Before Harry took on the neo-Nazi gangs of Oslo, before he met Rakel, before The Snowman tried to take everything he held dear, he went to Australia. Harry Hole is sent to Sydney to investigate the murder of Inger Holter, a young Norwegian girl, who was working in a bar. Initially sidelined as an outsider, Harry becomes central to the Australian police investigation when they start to notice a number of unsolved rape and murder cases around the country. The victims were usually young blondes. Inger had a number of admirers, each with his own share of secrets, but there is no obvious suspect, and the pattern of the other crimes seems impossible to crack. Then a circus performer is brutally murdered followed by yet another young woman. Harry is in a race against time to stop highly intelligent killer, who is bent on total destruction.
When a Norwegian girl is murdered in Australia, the Norwegian Police sends Harry Hole to investigate the matter there. Away from his normal playing field and in a completely different country, Harry has to overcome quite a few hurdles in order to get to the bottom of the matter. Soon he connects the crime to series of others that lead us on to realize that there’s a serial killer on the loose.
This book has the most wonderful narration I have read in recent times. Seriously, I think even if the plot had lacked strength, which it doesn’t, or the characters turned out to be crap, which they aren’t, I am sure, even then I would have enjoyed reading this book. So club up that narration with an awesome plot and strong characters, this book was a total rockstar.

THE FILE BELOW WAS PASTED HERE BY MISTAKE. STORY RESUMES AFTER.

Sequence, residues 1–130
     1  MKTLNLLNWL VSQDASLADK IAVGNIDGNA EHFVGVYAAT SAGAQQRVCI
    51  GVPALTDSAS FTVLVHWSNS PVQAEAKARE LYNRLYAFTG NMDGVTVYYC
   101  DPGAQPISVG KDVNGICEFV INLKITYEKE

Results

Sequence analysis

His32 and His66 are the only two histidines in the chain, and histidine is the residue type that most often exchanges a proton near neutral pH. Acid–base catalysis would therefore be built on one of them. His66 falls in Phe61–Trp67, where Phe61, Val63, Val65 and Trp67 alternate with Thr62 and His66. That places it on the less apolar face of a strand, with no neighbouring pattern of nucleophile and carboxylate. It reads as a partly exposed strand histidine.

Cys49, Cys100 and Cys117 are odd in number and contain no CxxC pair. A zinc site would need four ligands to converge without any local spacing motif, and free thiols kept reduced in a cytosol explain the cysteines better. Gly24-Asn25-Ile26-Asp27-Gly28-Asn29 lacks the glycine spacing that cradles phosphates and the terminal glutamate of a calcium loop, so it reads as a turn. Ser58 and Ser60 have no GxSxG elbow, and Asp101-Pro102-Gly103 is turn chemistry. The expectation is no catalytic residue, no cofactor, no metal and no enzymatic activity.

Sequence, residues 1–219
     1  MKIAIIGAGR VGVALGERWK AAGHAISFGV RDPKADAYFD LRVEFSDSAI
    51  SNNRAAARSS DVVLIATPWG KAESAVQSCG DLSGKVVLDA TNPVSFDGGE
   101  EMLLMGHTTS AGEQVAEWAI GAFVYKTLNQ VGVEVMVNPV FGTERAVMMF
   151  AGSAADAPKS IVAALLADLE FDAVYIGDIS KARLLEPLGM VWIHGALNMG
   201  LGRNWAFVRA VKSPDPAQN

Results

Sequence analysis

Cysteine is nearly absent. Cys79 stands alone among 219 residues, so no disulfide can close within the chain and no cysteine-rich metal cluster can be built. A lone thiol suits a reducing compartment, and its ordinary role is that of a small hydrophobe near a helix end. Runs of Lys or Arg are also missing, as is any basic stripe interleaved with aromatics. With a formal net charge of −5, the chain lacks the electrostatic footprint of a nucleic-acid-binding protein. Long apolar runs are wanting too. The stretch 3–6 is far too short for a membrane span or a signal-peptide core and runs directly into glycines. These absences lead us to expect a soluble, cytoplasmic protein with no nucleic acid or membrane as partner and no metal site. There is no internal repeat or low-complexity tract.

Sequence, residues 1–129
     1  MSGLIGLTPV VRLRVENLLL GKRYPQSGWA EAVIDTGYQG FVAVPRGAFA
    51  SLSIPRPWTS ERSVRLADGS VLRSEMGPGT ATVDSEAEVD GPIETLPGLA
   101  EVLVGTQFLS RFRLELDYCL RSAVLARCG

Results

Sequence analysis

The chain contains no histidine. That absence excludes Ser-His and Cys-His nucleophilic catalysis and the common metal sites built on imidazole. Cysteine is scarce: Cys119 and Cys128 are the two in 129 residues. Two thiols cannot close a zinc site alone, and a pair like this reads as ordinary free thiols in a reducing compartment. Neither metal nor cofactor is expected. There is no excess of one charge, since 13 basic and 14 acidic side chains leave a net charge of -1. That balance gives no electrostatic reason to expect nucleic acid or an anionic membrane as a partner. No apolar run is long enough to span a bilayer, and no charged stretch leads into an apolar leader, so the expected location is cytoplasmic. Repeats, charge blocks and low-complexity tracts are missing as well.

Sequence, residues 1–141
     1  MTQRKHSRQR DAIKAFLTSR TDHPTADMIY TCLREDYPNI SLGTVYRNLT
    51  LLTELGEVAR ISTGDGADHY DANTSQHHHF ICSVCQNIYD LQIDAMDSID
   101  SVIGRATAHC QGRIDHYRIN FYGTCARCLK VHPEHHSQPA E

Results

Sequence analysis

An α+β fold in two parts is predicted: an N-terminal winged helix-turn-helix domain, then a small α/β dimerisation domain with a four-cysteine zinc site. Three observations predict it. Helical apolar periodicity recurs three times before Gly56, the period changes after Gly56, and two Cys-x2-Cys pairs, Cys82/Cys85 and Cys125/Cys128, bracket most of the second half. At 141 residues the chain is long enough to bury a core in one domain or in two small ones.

Mostly in mystery/thriller genre when there’s a series dedicated to a particular character (Hercule Poirot / Alex Cross for example), the protagonist somehow always end up standing out very distinctly from the other characters. I mean – with Hercule Poirot it is always ‘grey matters’ and there’s probably not a single supporting character or antagonist who can actually stand shoulder to shoulder with him. But again there are a rare few characters, like a Professor James Moriarty, in the Sherlock Holmes series, who make as big an impression on you as the protagonist himself. So, it was refreshing to read about a protagonist working together with a very strong Australian counterpart. Though Andrew is no Professor Moriarty, he has certain strength in his character that I admired Jo Nesbo for.
From the summary on goodreads, I realized thought this is the first book in the Harry Hole Series, it wasn’t the first one to be published. I have only read The Phantom (the latest one in the series before) and so I was somewhat a blank slate – with a few scribbles at the very bottom, when it comes to Harry Hole’s character. The Harry we see in ‘The Bat’ and the Harry we see in ‘The Phantom’ are so very different! While this glimpse of a younger and less burdened Harry was something I enjoyed, I am really intrigued about and would love to know the twists and turns that his life takes to take him to the point where he is in ‘The Phantom’
Do I recommend this book? Yes! Yes! Yes!